Doi posto begun ilish. A quick Bengali bespoke hilsa fish curry recipe post with no life story to go with it

Doi posto begun ilish

A Bengali mother's kitchen inspired lunch in Mumbai

Doi posto ilish today with some of the remaining ilish (hilsa) that I’d bought from Mumbai's Khar station fish market a couple of weeks back and which was waiting patiently for me in the deep fridge. Poonam, whom I bought it from, said it is ‘Howrah ilish.’ This means it came from Kolkata. Could be from the Irrawaddy for all you know and was a lovely 1.4 kilo one.
I am not too fond of the plain ilish jhol, but inspired by its basic construct, did add some begun (aubergine) to today’s dish and it worked well.

With some red rice. Perfect on a rainy day

My recipe:

  • Heat a tablespoon of mustard oil
  • Shallow fry salt, turmeric and red chilli powder smeared ilish and sliced begun pieces. 
  • Move this to the side of the wok, add a teaspoon of mustard oil and then a slit green chilli and panch phoron (whole Bengali/ Odiya/ Assamese/ Bihari 5 spice) and then gentle integrate it with the fish and begun.
  • Add a small bowl of dahi, ground posto (poppy seeds) beaten together with a couple of tablespoons of water (I used what was there in the pack of dahi), salt, cumin and red chilli powder together, to the wok and cover the fish with it.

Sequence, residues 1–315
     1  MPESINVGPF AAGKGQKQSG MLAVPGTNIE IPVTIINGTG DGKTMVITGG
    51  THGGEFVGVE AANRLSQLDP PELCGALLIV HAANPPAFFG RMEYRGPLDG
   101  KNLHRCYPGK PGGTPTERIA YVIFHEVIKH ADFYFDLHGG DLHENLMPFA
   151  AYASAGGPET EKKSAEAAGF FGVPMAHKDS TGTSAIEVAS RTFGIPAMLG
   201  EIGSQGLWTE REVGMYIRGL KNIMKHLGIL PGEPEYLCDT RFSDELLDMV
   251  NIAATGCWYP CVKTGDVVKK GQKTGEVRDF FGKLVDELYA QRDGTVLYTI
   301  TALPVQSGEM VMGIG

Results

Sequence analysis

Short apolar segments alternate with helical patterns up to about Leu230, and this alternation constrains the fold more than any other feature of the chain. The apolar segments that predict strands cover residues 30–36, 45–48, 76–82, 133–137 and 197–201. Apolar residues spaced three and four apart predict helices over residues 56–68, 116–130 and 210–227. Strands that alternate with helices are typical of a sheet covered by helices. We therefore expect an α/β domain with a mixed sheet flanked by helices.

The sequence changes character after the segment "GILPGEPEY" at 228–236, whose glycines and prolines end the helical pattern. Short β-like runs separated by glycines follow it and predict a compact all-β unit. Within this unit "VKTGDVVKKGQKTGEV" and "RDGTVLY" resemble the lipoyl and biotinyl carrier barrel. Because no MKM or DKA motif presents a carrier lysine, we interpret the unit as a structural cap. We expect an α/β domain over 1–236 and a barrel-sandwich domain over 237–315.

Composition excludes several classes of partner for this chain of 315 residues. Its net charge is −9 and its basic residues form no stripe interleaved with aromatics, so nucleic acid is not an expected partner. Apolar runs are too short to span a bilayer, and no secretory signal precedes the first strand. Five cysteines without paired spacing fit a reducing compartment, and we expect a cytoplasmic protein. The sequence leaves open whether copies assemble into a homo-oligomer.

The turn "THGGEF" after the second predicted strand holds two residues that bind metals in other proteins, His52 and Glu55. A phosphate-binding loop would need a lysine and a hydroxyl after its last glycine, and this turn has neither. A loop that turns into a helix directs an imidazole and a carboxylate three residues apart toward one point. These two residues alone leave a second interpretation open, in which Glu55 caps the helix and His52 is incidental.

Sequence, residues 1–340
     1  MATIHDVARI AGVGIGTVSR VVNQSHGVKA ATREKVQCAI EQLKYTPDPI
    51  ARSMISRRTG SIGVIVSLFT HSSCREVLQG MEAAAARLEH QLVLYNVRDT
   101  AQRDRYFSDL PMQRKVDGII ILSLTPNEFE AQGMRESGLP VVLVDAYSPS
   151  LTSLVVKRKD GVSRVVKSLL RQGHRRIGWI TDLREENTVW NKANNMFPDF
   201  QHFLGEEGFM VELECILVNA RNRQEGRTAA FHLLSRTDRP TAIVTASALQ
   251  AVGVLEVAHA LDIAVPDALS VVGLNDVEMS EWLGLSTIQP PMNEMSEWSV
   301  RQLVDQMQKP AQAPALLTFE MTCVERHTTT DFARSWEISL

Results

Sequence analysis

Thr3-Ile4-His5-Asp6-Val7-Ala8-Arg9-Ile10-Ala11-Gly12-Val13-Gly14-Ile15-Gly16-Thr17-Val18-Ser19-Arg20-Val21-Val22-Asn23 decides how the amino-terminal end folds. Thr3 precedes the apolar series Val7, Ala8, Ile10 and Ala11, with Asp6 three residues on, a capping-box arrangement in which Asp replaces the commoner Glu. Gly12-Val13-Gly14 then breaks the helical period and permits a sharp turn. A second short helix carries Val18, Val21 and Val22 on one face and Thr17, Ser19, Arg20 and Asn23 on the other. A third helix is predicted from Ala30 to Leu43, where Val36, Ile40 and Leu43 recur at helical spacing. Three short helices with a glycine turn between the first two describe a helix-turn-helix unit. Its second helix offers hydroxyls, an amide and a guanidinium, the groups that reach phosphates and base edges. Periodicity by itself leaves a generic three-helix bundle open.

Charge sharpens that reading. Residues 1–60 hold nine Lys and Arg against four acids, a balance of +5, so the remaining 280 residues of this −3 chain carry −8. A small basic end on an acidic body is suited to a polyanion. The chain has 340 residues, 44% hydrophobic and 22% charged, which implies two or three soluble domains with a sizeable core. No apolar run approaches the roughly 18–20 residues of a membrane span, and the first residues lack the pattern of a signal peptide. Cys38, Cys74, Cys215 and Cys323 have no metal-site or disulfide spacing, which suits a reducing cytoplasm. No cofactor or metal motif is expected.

• Cook on a low flame for a minute or two. Turn the fish around and cook for a minute or so and you are down. 
  • Add some fresh coriander at the end of you so wish. My mother adds it to ilish. 

The sauce was thick and flavourful and complemented the fish well.

Aided by some Rajput wisdom

With chef Akshraj Jodha at the end of the dinner at the ITC Maurya. In the bowl
is a delectable Rajasthani khichda of goat meat slow cooked with jowar/ sorghum millets,
whole ginger, green chillies and dahi. Akshraj's forefather's had founded Jodhpur (hence Jodha)

I used the tip that chef Akshraj Jodha gave me at his Rajasthani pop up dinner at the ITC Maurya the other night. ‘Mix the masala into the dahi, beat it and then add it to the pan and it won’t split.’ A problem I usually face when cooking with dahi. 

These Rajasthanis know a thing or two about cooking with dahi after all!